This past week, I traveled with my youngest son to a large volleyball tournament. At this tournament, there were about 39 courts being used from 8:00 a.m. until 9:00 p.m. for a full week. Needless to say, there was plenty of volleyball to watch. Watching my sons participate in their activities is one of my favorite things, so I knew I was in for a fun week. Another of my favorite things is studying coaches as they lead their teams. I enjoy watching how they motivate, what they say, and how they communicate with their non-verbal actions. So with volleyball games on courts all around me, I had the chance to watch many coaches in action.
What I learned while watching the coaches at this tournament is that far too many coaches focus solely on strategy and neglect their responsibilities of motivating and encouraging individual players. As I looked all around, I heard coaches talking about strategies and tactics; I heard coaches getting aggravated at their players’ mistakes; I saw coaches saying nothing, but clearly communicating their disgust with the way their teams were playing through their non-verbal actions. Unfortunately, I heard very few comments like, “Nice try” or “Great effort” or “Forget about that one, you’ll get the next one.” Strategy was clearly the priority; and individual player emotions, feelings, and motivations were secondary.
Essentially, coaches were so focused on coaching the position, they forgot to coach the player. To coach the player, you must establish a personal connection with the individual. You must know what motivates that individual player and then coach to get the most from that specific player. Focusing solely on the strategy of the particular position is not enough. To maximize performance, we must coach the player not just the position.
As leaders, we must remember that our job is more than just directing strategies and tactics. A significant part of our role as leaders is to unite our teams, to motivate our team members, and to offer encouragement when it is needed most. To do these things, we must lead the person, not just the position. If we forget this, it will be difficult for us to maximize the performance of our teams. To lead the person, we must work on building a personal relationship with each of our team members. We need to connect with them to understand their feelings and emotions and to know what their personal goals are and what drives them toward these goals. This takes time and effort. Unfortunately, many managers don’t see the return in this investment of time and, thus, focus solely on leading the position. But when managers fail at leading the person, they don’t get the full potential from each individual team member.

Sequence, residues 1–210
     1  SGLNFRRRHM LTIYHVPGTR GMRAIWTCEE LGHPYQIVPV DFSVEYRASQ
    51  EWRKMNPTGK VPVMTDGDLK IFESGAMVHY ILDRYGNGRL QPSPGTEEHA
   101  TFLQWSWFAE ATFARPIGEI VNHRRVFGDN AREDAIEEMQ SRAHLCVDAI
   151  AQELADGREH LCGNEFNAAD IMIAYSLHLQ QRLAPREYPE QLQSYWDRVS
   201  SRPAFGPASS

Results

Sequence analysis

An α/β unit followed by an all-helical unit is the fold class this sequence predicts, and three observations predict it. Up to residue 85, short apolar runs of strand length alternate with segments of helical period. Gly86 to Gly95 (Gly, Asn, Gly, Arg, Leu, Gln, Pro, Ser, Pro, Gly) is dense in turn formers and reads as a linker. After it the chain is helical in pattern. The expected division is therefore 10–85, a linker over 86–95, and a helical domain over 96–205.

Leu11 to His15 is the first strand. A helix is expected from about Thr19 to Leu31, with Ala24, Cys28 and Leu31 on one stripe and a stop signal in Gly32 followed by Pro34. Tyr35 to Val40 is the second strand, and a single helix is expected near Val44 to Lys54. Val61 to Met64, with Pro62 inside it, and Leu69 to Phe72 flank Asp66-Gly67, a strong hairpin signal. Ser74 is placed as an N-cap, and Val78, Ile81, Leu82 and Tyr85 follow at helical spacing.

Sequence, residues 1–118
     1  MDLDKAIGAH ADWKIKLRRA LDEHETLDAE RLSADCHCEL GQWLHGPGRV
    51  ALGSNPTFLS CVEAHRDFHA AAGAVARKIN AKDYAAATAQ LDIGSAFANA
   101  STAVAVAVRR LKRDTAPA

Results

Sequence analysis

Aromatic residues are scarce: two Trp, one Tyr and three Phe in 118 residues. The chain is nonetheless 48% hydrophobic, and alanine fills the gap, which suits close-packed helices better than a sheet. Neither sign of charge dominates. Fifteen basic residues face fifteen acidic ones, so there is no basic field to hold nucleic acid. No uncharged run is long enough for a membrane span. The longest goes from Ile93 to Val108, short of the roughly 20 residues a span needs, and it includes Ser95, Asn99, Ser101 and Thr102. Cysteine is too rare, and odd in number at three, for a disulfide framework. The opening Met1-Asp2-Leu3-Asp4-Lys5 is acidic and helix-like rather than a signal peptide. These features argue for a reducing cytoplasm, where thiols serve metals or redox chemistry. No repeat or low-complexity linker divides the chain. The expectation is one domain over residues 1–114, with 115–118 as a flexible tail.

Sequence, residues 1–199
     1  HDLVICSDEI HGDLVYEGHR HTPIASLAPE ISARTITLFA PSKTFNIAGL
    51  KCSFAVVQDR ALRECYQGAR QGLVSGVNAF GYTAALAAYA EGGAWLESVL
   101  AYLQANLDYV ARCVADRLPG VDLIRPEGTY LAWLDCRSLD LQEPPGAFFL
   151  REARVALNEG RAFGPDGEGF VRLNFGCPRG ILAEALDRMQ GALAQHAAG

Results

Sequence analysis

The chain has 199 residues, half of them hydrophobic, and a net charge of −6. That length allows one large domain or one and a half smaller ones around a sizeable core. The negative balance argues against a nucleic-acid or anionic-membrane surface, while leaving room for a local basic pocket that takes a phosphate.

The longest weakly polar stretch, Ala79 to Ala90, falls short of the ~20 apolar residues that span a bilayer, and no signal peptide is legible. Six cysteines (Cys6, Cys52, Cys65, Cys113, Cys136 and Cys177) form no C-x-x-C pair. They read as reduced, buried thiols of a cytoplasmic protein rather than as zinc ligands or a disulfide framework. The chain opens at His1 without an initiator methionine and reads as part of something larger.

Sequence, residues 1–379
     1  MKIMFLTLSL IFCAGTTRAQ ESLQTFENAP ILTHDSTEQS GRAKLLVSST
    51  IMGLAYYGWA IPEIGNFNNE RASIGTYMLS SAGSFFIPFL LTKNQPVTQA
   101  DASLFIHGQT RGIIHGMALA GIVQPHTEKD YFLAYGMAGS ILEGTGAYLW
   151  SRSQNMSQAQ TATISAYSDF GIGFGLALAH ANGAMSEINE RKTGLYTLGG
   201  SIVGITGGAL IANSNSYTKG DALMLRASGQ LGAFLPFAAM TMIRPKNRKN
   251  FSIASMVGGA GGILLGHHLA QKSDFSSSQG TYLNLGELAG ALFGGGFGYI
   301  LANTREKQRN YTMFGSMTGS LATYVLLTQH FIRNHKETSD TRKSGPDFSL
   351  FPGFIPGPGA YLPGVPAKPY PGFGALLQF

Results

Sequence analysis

This week, think about the many volleyball coaches I saw and instead of just leading the position, make an attempt to lead the person. Commit that a critical part of your leadership role is motivating your individual team members to greater heights. If you are brilliant at strategy, but fail to motivate and encourage your team members, your organization will fall short of its potential. So make an effort to lead the person, not just the position. Take time to build a personal connection with each of your team members and then really work to motivate and encourage them. When you do this, I think you’ll find you have a greater commitment from your team when it comes time to implement the great strategic decisions that you make.
Thanks for reading,
P.S. – My new website is now live at http://www.jvearle.com. Please visit the site and let me know if you have any feedback.